Facing up to Deficiencies

Many companies fail to objectively evaluate their products against competitive offerings in a rigorous manner. If they do go through some kind of an evaluation process, it is often superficial or biased, leading to a continuation of “business as usual” rather than dramatic cost or performance improvements. In some cases, management is not presented with the real facts because it is easier not to “rock the boat.” In other cases, management may see the facts but not accept or face them squarely, since it is not easy to admit that a product is no longer competitive. As a result, a surprising number of companies continue to try to get by with products that are not competitive and they fail to make the fundamental, essential changes in design or cost.

There are two important points that successful companies always follow. First, it is essential to ensure that products are designed for efficient manufacturing and assembly. Second, “me too” parity is never a solid basis for gaining or regaining position. Technical programs should always be designed to leapfrog the competition rather than play “catch up” against moving competitive targets.

My Consultancy–Asif J. Mir – Management Consultant–transforms organizations where people have the freedom to be creative, a place that brings out the best in everybody–an open, fair place where people have a sense that what they do matters. For details please visit www.asifjmir.com, Line of Sight

How Losers Operate?

Losers tend to stick with a particular and hierarchical model of operation. The structure is set out in organization charts. There are probably job descriptions for most positions, and how the organization operate is set out in a physical or electronic manual. Preparing these and understanding them takes time. Hence people are reluctant to make changes that might involve altering diagrams, updating files and reprinting documents. Some people become complacent. They believe they have discovered or created a formula for continuing business success. They also swear by particular approaches and enshrine them in standard processes and procedures. The framework solidifies.

 Many losers have a weakness for single solutions, panaceas and fads. They believe that this management approach, that technology or a particular consultant’s methodology will provide and answer and solve their problems. While struggling to make a chosen course of action work they fail to consider alternative options. They look themselves in.

 Employees who can be trusted to operate in approved ways and observe standard practice are promoted. After some time corporate structures, processes, systems and mindsets become rigid and inflexible. Subject them to increasing stress and they first creak and groan, and then snap. Increase workloads and transaction flows and people in ‘loser’ organizations struggle to cope. Rather than operate in new ways or change processes they endeavor to work harder, faster and for longer hours. They quickly become overloaded and break down. Work-life balance is an issue in these companies because staff suffer the pressures without enjoying any of the compensating benefits.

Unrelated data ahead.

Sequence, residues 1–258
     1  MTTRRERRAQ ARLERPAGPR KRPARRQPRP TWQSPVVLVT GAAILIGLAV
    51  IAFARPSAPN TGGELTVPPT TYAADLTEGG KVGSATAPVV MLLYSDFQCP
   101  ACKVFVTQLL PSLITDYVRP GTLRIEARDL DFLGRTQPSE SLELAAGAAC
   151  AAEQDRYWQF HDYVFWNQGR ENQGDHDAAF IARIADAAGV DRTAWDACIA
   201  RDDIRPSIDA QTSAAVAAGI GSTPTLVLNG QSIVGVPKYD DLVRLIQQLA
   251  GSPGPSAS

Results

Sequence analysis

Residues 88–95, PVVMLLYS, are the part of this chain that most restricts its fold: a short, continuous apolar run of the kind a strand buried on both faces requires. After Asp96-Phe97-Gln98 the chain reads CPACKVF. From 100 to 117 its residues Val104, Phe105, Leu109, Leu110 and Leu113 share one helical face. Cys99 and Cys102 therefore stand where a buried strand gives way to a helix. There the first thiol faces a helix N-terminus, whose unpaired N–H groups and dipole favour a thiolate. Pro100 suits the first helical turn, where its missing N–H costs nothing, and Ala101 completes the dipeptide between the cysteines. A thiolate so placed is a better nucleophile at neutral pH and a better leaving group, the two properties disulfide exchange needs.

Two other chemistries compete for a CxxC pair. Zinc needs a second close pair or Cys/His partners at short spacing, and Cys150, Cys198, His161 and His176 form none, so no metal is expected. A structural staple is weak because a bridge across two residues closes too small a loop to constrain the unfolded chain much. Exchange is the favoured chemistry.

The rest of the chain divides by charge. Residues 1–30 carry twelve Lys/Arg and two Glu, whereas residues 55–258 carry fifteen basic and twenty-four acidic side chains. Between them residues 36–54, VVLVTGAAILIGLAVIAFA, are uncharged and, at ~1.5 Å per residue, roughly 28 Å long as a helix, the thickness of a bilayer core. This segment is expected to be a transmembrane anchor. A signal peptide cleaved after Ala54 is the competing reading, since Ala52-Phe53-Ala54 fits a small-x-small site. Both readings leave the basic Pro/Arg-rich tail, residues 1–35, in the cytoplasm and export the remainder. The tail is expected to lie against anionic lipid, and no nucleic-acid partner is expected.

There are often alternative ways of achieving the same objective. Boats of many types and sizes may be capable of making the same journey, although imposing very different demands upon their crews. The craft chosen will reflect their preferences and aspirations. There may also be alternative routes to the same destination.

 My Consultancy–Asif J. Mir – Management Consultant–transforms organizations where people have the freedom to be creative, a place that brings out the best in everybody–an open, fair place where people have a sense that what they do matters. For details please visit www.asifjmir.com, Line of Sight

Public Management

There will be absolutely changed conditions under which public managers will operate in the future, some of the areas of knowledge, skills, and attitudes that they will be required to possess, and some of the pathways public managers might explore in order to move toward the future.

There will be an extraordinary explosion of new knowledge and technological innovations, especially in the areas of information sciences, genetics, materials, instrumentation, automation, and space. Our public managers will wade into an age of extraordinary technological change and have to accommodate themselves and the institutions to dramatically different bodies of knowledge and technological innovations.

They will not only have to cope with and employ their expanded knowledge and technological capacity, they will have to learn to use this knowledge and technological capacity for the benefit of society. In the technological world of the future, there will be even greater temptations for them to be captured by technology, to fall prey to “technological imperative,” and to allow rational technical interests to supercede human concerns and those of values. Finding ways of employing advanced technologies so as to enhance rather than restrict their capacity for leadership, creativity, and personal responsibility will be a serious challenge.